Revitalization adds beauty and utility to garden

Butler University officials are hoping to spread some beauty around campus with the revitalization of the apothecary garden.

An apothecary garden features plants and herbs that are used in pharmaceutical drugs.

“The garden brings an awareness to people,” Phil Villani, a biology professor, said. “People don’t realize that medicines come from plants.”

Located along the walkway between the Pharmacy Building and Robertson Hall, the apothecary garden was established by Waqar Bhatti, a longtime College of Pharmacy and Health Sciences professor who died last year.

Yesterday a revitalization project reception was held, which included a talk about medicinal plants, a choral performance by the Butler Chorale and a discussion on the art installation.

There are two separate sections of the garden that house different plants sparked by where they come from and what they do. The traditional Chinese medicine garden presents peonies, which can be used in a “four thing soup” that was a sort of tonic in Chinese medicine for women.

Garlic is also found in this garden.

If garlic is crushed or cooked, it produces a sulfur-containing compound that is biologically active and has some therapeutic values, Kim Beck, an adjunct medicinal chemistry professor, said.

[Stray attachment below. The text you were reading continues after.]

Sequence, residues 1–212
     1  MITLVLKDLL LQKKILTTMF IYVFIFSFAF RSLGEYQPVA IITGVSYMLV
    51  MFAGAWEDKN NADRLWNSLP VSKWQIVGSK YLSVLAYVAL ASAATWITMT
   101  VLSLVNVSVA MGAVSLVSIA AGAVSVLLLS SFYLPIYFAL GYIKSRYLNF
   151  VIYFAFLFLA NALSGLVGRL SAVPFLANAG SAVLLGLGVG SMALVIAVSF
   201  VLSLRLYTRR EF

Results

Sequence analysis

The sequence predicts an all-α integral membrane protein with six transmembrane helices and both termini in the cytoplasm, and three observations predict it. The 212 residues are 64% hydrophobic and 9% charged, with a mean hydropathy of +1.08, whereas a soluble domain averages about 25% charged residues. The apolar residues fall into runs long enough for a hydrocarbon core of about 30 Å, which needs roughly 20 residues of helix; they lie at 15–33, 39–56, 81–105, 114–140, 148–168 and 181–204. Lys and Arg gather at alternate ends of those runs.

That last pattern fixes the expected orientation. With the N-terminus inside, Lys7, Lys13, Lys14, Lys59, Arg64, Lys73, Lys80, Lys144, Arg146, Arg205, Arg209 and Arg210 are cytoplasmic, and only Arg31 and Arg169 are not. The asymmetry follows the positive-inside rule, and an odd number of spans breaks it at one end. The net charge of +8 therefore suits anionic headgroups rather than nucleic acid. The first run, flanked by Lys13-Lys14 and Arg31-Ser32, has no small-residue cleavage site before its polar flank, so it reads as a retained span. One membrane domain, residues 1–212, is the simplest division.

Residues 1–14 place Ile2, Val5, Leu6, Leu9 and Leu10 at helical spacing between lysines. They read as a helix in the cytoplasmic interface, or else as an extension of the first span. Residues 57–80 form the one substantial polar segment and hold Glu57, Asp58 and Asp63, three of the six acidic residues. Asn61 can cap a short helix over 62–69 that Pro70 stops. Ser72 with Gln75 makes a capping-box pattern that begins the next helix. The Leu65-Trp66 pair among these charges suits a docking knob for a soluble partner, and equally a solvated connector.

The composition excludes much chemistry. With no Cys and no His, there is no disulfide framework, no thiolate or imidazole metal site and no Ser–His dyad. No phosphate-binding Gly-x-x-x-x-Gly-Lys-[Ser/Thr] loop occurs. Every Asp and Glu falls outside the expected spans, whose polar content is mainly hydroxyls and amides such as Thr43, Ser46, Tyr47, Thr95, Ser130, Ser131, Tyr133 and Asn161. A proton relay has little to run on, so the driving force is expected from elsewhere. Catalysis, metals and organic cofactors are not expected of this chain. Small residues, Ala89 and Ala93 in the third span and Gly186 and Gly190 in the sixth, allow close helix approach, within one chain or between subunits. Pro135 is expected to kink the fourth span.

Dianthus, also in the garden, can be used to treat illnesses of the kidney and urinary tract.

“Most of the plants here are medicinal, but some are here to beautify the area,” Beck said.

For example, the beautyberry produces a vibrant purple berry that Beck describes as “remarkable.”

The other garden is the Native American and Western European medicinal herb garden.

The Madagascar periwinkle in this garden is known to have anti-cancer agents in it, and it is modified into a pharmaceutical drug.

While some plants may be marketed as  pharmaceutical drugs, others are simply there because they have a history of being medicinal plants. For example, the common bearberry isn’t marketed, but it can be used as a diuretic to treat urinary infections.

The garden holds historical value because it showcases where medicines come from.

“Nature can design amazingly complex structures with therapeutic action,” Beck said. “It’s a pretty amazing designer.”

The apothecary garden on Butler’s campus is supposed to be a living lab where the plants can be used for study purposes in biology and pharmacy.

Becky Dolan, the director of the herbarium, said the garden presents informal science education because it is in a high traffic area.

This spring, the garden has been revitalized as part of the Earth Project. Students, faculty and staff got together one Saturday to plant everything.

Beck that the groundskeepers have been extremely helpful and really friendly when it has come to this project.

“I hope to get a student organization created to maintain the area,” Beck said.

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